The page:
Take On Nature: Understanding a clean conscience

The Merlin, Falco columbarius, is a rare sight in Ireland.
Stephen Colton

AFTER a swim in the Atlantic Ocean, my late father always described the feeling of invigoration and refreshment as being "the next best thing to a clean conscience".

I enjoyed many of those sea 'dips' with family and friends in the bracing waters off Donegal, Sligo or Galway, and although I never quite got the clean conscience bit, the exhilaration and joy of swimming in the sea has remained.

So, not having been in, or at the sea for close on two years, it was with much anticipation and enthusiasm, I recently travelled to Dunfanaghy, north-west Donegal, to reacquaint myself with those wild Atlantic waters and the varied wildlife of its jagged coastline.

Although a few days too late to enjoy the presence of a vagrant Egyptian Vulture, Neophron percnopterus, flying above the dunes near the village, and join the frenzied attendance of hundreds of birdwatchers in the days after, I celebrated the company of various, smaller scale nature events from around the enchanting Sheephaven Bay.

This vulture, a rare bird of prey, is normally found along its migratory range of south Asia across to west and north Africa, so this first ever sighting in Ireland caused quite a stir with bird enthusiasts coming from near and far to catch a glimpse of the large, white, and black feathered bird, sometimes called 'pharaoh's chicken'.

It was the presence of other raptors, however, which would engage my time - a trio of Peregrine Falcons first up to enjoy, as an adult and two juvenile birds, skirted along the cliffs of Horn Head.

Important flight skills were practised as the young birds flexed their talons and executed short dives or 'stoops', essential manoeuvres for catching prey in the future.

Close by, a patrolling raven, with its distinctive wedge-shaped tail, gave a guttural call, before it too performed some tumbling aerobatics. The background utterances of nesting auks and kittiwakes, with the vast ocean stretching out below completed the cliff top experience.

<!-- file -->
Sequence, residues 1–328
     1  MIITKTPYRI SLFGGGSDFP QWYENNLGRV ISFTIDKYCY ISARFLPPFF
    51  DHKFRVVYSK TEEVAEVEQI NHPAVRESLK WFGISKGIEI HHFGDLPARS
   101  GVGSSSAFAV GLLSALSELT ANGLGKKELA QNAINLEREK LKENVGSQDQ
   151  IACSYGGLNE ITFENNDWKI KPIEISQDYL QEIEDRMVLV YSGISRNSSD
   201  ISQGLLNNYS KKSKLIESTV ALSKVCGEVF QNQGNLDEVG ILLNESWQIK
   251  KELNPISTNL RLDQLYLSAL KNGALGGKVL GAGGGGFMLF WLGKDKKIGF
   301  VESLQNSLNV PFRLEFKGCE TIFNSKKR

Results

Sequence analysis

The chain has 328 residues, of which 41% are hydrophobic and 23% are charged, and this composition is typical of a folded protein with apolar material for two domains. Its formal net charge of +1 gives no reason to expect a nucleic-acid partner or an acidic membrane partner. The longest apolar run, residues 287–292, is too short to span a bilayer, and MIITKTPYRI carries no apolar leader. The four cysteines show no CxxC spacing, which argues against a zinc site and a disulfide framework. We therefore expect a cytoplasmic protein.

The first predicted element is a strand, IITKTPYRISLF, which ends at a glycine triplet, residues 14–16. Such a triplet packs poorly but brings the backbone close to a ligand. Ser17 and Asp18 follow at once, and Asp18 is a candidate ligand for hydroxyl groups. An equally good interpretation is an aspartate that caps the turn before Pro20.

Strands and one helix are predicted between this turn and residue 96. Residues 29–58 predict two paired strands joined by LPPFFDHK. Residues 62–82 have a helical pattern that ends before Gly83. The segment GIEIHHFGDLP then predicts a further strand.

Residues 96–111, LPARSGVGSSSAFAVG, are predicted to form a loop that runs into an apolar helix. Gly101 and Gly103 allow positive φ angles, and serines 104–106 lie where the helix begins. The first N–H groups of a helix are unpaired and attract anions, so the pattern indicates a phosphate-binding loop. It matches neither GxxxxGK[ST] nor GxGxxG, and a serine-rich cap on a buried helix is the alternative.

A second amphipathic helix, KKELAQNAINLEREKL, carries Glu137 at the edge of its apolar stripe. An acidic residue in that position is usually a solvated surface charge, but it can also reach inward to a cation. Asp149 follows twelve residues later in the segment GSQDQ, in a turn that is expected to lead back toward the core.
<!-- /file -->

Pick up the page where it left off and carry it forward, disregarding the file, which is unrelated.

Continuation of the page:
Another raptor was to reveal itself a short time later, when driving along the Falcarragh road, Ireland's smallest falcon, Falco columbarius, the Merlin, winged across my windscreen frame, with clasped prey, and onwards up an adjacent rock face.

Not much bigger than a blackbird, this agile bird is a rare and sporadic breeder here, nesting on the ground on moorland and mountain regions.

With its grey-blue upper-parts, orangey chest and narrow wings, the merlin chases its prey of pipits often low to the ground.

This was only my third or fourth ever sighting of the elusive raptor and the words of Scottish writer James Hogg from his narrative The Wife of Ezdel-More (1832) seemed appropriate: ''And the Merlin hang in the middle air/As if let down from the heavens there/By a viewless silken thread.''

In the days to follow, refreshing plunges in the pristine Atlantic water, diving terns, noisy stonechats, soaring buzzards and the master of ambush, the sparrowhawk added much to my stay.

The standard definition of a clean conscience suggests a state of being free of any guilt or remorse, but I think my father's notion of its meaning following his swims, extended to being unburdened from the stranglehold of worries of the moment, time or day.

On the last evening of my visit, I watched the descending sun drop towards Inishbofin, Saint Dubhthach's Inishdooey, and Inishbeg, before its orange glow was finally received behind the angular and rugged rock forms of Tory, the last of the island archipelago off this north-western shore.

By then, having enjoyed so many rewarding episodes, I had a much better understanding of the import of 'a clean conscience'.

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